President Barack Obama presented Staff Sgt. Ty Carter with the Medal of Honor in a ceremony at the White House on Monday. While the initial focus of Obama’s remarks was on the heroism portrayed by Carter, it switched to a discussion about Carter’s struggles with post-traumatic stress disorder.
Carter was receiving the award for bravery shown during the Battle of Kamdesh in October 2009. The outpost was attacked by more than 300 Taliban fighters, but Carter and his unit stood their ground and refused to surrender.
Obama recounted the story of the attack before then focusing on his mental state after coming back home.
“I want to recognize his courage in the other battle he has fought,” Obama said. “Ty has spoken openly, with honesty and extraordinary eloquence, about his struggle with post-traumatic stress; the flashbacks, the nightmares, the anxiety, the heartache that makes it sometimes almost impossible to get through a day.”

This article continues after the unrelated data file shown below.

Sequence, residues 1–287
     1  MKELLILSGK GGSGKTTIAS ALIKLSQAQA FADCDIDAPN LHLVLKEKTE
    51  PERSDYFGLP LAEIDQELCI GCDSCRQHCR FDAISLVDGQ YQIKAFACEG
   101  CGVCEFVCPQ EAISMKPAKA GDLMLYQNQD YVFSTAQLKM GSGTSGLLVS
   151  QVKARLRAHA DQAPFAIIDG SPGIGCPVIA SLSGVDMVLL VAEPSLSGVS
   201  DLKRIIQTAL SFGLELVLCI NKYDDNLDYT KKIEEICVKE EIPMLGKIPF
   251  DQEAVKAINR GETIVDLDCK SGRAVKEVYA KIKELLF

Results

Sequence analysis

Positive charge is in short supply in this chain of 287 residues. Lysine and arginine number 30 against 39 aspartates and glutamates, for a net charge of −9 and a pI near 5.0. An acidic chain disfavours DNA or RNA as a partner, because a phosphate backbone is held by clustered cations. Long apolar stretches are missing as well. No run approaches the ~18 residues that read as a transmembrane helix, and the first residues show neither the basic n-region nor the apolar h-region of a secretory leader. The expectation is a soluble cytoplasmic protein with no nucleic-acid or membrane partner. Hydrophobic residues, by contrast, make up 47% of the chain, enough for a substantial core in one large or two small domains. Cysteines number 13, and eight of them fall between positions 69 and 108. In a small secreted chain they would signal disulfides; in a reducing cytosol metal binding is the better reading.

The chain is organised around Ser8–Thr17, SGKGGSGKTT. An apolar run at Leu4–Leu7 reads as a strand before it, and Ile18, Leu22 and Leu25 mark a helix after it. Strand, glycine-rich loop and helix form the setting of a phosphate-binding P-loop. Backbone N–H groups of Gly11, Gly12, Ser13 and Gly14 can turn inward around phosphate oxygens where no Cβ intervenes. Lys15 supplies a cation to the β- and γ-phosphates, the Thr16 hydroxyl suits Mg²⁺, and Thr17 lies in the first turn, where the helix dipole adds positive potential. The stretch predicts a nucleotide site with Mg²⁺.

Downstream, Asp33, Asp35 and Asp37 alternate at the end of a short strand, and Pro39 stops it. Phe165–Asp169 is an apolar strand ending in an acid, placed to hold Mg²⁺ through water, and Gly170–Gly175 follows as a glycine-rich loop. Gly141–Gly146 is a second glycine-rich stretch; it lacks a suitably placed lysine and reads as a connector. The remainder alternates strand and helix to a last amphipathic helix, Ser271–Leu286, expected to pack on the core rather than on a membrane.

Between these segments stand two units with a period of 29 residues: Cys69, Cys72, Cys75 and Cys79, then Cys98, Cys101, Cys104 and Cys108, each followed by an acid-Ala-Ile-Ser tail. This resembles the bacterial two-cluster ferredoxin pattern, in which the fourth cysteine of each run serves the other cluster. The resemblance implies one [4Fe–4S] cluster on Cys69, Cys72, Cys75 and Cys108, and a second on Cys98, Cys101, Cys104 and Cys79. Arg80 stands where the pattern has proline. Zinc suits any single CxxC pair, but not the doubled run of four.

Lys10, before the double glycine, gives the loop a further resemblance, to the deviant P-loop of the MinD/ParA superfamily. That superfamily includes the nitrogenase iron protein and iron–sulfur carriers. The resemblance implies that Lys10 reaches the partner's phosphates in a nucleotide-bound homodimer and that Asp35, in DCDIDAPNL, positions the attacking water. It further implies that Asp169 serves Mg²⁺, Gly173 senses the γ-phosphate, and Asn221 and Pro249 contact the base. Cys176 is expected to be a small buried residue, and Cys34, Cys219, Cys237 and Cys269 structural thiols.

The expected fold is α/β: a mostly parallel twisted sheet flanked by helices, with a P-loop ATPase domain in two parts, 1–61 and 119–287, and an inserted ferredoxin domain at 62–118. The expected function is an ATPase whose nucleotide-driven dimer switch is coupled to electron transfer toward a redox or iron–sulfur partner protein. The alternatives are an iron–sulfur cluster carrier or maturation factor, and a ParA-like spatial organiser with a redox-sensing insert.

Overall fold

He continued on to say that this is a larger issue that needs to be addressed.
“Our nation needs to keep summoning the commitment and the resources to make sure we’re there when you reach out. Because nobody should ever suffer alone. And no one should ever die waiting for the mental health care they need.”